Although the invention is particularly concerned with the combination of a certain type of edge banding with a variety of types of fire door cores, one example of a core useable in the manufacture of the fire doors contemplated according to this invention is disclosed in the pending U.S.A. application of Dale R. Greve and Turner W. Richards, Ser. No. 868,037, filed Jan. 9, 1978, and assigned to the Assignee of the present application. Some description of the fire door of said copending application and of the method for manufacture thereof is, therefore, presented herebelow, but it is to be understood that the combination of core and banding contemplated by the present invention may be employed when using a variety of specific embodiments of the cores. Preferably, however, the cores employed in the combination of the present invention are cores which contain at least some calcined gypsum, in addition to at least 50% of expanded perlite.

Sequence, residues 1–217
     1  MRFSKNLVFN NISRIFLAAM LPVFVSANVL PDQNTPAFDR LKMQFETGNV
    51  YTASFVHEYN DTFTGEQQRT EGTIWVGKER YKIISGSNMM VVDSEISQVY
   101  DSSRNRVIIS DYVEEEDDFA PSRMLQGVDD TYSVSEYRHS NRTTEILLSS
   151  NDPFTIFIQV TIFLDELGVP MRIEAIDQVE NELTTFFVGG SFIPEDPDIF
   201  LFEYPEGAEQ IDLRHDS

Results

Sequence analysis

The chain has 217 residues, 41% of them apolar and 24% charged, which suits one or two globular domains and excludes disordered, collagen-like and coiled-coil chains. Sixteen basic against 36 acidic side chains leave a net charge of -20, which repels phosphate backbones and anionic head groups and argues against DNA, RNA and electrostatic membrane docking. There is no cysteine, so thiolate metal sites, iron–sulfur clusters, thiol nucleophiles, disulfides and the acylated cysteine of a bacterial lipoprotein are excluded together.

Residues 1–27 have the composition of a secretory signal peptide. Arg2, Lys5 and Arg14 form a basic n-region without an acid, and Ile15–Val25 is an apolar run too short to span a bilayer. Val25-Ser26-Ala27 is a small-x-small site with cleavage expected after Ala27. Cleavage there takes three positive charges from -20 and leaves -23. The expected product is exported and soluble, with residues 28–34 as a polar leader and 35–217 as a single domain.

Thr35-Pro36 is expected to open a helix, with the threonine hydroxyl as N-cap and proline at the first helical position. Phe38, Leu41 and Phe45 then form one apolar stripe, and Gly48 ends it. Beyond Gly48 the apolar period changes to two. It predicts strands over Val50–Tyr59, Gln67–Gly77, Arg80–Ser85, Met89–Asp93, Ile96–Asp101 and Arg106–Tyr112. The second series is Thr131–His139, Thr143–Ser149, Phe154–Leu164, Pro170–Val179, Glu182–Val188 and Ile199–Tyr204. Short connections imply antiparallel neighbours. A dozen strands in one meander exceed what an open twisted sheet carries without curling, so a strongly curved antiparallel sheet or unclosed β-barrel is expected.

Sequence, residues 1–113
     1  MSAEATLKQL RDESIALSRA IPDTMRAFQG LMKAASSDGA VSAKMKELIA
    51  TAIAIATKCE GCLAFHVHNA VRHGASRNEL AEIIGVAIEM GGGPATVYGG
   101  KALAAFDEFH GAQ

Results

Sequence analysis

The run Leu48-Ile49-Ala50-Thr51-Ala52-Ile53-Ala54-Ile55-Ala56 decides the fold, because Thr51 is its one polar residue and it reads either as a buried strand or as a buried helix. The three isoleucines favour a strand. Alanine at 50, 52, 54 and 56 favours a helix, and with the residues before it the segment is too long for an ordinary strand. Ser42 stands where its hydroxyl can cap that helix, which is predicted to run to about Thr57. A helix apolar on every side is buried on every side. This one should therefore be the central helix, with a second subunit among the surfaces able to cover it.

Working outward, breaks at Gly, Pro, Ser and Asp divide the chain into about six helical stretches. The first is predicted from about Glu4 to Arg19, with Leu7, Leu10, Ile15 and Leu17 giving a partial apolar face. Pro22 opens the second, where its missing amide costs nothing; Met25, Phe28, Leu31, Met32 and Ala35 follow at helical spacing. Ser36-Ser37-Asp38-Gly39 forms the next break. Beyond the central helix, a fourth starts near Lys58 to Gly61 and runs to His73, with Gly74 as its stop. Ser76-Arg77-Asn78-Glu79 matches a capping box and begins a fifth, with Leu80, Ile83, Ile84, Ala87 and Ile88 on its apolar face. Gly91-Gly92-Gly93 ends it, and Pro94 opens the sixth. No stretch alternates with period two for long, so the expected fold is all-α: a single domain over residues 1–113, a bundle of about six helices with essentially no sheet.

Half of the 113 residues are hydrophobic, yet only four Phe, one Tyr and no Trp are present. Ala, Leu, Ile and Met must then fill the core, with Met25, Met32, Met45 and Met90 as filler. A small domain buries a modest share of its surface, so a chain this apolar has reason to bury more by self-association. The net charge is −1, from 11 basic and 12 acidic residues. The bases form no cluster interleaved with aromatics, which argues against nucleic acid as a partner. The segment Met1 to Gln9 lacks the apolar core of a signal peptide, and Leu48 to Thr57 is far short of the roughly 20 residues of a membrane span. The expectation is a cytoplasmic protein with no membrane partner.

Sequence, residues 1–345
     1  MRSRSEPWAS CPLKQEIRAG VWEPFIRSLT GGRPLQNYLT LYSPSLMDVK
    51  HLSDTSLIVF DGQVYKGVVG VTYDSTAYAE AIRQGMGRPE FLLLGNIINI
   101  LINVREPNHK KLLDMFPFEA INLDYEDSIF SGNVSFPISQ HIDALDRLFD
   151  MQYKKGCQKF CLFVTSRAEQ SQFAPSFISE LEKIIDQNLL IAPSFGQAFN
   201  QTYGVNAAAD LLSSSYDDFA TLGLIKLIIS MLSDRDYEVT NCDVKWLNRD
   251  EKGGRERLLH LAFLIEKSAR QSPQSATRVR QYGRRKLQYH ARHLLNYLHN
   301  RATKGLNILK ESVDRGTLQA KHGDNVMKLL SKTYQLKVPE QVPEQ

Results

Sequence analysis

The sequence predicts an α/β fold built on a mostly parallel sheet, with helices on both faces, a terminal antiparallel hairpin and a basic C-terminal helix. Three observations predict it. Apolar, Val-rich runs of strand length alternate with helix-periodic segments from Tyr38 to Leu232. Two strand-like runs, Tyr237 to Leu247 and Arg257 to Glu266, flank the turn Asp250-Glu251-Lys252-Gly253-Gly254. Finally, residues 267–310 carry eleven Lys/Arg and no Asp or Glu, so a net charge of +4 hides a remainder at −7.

The ingredients employed in the preparation of the cores in accordance with the copending application referred to above, and more fully identified hereinafter, but it is first noted that in the set core of the companion application, the ingredient which is present in an amount greater than any other of the ingredients comprises expanded perlite, which is a glass-like material. Speaking generally, expanded perlite can be formed by heating moisture-containing, naturally-occurring perlite ore at a temperature within the range of about 1,500° to 2,000° F. Such heat treatment explodes or expands the perlite to, for example, 15-20 times its original volume. Commercially available grades of expanded perlite known as cryogenic, plaster and concrete aggregate are exemplary of materials that can be used.
The particle size of the expanded perlite can vary over a wide range. Expanded perlite having a particle size distribution as set forth below is exemplary.